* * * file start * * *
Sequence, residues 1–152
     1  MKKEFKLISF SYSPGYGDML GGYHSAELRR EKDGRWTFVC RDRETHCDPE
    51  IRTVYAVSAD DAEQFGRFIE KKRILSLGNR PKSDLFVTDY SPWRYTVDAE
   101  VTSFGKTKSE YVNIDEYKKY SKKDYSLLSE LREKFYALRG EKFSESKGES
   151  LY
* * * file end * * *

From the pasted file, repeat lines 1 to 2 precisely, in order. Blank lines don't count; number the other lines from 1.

Sequence, residues 1–152
     1  MKKEFKLISF SYSPGYGDML GGYHSAELRR EKDGRWTFVC RDRETHCDPE